To be sure, all three opinions are valid and vital, depending on the circumstances. There are times when leaders inspire the surrender of the individual “I” to the collective “we.” Yet the true leader must learn how to mold real disciples; and the greatest of leaders learn how to empower leaders.
The Rebbe’s Influence
The above marvelous explanation I heard myself from the Lubavitcher Rebbe, during an address on Shabbat Parshas Beshalach, Shevat 11, 5748, January 30, 1988. (It was a few days before the sudden passing of his wife, Rebbetzin Chaya Mushka, and a few short years before the Rebbe’s own passing in 1994.)
The above insight of the Rebbe taught me much about the role of a genuine parent, an authentic pedagogue, and a great leader. It also helped me understand the Rebbe himself.
This past Wednesday, 10 Shevat 5780 (Feb. 5, 2020), the Jewish world celebrated 70 years of the Lubavitcher Rebbe’s leadership. People often ask me: In the absence of the Rebbe’s physical presence, what inspires Chabad? What holds it together? What motivates it? What keeps it focused and united? How long can it continue?
But the Rebbe’s name was “Menachem,” and he embodied the vision of Rabbi Nechmyah. The Rebbe did not seek people who will submit to him—even as a person dedicated completely to G-d and His Torah. The Rebbe did not even want to mold followers. The Rebbe aspired to create leaders, persons who will identify within themselves the power and confidence to change the world.
Chabad has sometimes been accused of being a cult. I always find this humorous, because I know of no other Jewish a figure who urged his students to be more independent, ambitious, individualistic, creative, revolutionary, and innovative than the Rebbe. He loathed when people squandered their talents and gifts, and truly believed in the infinite power of each individual to compose his or her unique song that will set the world on fire. I still recall a public address of the Rebbe, in the summer of 1988, when he expressed frustration that some of his followers feel they are inept to become the authors of their own biography, and are always waiting for orders.
The Rebbe keenly understood that you can’t transform a world with followers, only with leaders.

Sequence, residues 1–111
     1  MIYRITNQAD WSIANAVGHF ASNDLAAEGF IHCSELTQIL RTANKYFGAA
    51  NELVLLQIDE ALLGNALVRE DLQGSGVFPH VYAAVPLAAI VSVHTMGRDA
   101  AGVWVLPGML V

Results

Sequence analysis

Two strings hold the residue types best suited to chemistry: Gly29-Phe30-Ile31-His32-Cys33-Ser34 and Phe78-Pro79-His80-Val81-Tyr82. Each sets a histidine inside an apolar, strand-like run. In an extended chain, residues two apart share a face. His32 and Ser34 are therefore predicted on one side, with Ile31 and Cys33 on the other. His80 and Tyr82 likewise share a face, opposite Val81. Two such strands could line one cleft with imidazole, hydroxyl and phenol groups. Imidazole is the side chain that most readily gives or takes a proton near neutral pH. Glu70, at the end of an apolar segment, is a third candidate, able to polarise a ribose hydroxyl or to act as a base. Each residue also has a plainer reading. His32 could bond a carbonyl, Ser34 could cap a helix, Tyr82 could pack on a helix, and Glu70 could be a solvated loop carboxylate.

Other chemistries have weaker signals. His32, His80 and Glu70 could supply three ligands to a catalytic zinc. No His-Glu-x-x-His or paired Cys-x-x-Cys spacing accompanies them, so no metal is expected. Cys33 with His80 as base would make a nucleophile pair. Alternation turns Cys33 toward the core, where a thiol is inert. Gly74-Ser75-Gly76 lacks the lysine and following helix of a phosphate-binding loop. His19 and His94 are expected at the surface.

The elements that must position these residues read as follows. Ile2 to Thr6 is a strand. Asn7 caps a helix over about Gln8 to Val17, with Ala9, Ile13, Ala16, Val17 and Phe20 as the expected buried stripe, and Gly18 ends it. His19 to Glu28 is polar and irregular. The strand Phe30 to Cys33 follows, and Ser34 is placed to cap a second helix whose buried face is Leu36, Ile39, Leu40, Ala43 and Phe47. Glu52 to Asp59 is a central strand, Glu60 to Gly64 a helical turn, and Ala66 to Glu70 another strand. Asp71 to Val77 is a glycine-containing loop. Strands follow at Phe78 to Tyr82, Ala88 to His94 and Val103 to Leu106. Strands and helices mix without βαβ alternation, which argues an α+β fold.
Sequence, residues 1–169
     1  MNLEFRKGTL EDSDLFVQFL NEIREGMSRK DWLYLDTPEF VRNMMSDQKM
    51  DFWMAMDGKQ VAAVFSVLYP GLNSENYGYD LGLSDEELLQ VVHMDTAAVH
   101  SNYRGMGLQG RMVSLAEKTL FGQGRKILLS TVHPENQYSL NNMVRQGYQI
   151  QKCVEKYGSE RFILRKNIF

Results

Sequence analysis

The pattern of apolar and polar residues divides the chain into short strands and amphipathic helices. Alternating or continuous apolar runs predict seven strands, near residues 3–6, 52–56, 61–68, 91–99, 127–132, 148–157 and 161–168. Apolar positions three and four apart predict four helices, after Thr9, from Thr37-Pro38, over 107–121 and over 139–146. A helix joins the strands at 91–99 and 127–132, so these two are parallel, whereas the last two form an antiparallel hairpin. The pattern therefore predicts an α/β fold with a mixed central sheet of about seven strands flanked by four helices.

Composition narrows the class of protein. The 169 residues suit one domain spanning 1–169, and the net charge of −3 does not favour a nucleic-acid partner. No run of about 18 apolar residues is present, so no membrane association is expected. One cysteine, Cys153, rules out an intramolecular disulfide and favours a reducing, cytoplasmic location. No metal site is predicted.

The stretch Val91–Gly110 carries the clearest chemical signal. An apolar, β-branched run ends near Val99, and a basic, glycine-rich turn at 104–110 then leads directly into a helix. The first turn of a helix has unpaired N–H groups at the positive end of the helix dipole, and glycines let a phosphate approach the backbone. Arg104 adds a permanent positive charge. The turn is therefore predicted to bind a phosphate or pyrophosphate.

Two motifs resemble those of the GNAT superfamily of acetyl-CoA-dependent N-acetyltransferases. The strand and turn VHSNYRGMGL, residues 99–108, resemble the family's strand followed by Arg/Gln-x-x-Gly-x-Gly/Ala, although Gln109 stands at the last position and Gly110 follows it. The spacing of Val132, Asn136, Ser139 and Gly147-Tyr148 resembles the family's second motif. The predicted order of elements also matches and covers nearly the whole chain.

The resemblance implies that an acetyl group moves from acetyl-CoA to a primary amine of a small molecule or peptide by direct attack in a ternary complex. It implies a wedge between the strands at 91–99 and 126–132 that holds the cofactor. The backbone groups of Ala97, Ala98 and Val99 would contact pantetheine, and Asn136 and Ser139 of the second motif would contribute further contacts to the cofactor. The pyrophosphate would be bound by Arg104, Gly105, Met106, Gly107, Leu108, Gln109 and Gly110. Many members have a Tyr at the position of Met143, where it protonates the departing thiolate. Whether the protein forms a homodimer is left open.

The late Yehudah Avner, a veteran Israeli diplomat, served as an adviser to four Israeli prime ministers, Golda Meir, Yitzchak Rabin, Menachem Begin and Shimon Peres, and as Israel’s ambassador to Ireland and Australia. Once, he related, during a conversation with the Lubavitcher Rebbe, the Rebbe spoke of his own work.
"Let me tell you what I try to do. Imagine you're looking at a candle. What you are really seeing is a mere lump of wax with a thread down its middle. When do the thread and wax become a candle? Or, in other words, when do they fulfill the purpose for which they were created? When you put a flame to the thread, then the candle becomes a candle."
"The wax is the body, and the wick the soul. Ignite the soul with the fire of Torah and a person will then fulfill the purpose for which he or she was created. And that is what I try to do – to ignite the soul of our people with the fire of Torah."
"My candle – has the Rebbe lit it?", Yehuda Avner asked.
"No," the Rebbe said, clasping Avner’s hand. "I have given you the match. Only you can light your candle."
 A few days later, at the farbrengen of 15 Shevat the Rebbe spoke at length about the fact that he will henceforth minimize giving direct answers to people because after decades of teaching Torah people are empowered to find their own way.
 Shabbos Parshas Shlach 5748, June 1988.
 My thanks to Rabbi Yanki Tauber for his rendition of the above address by the Rebbe, published on www.meaningfullife.com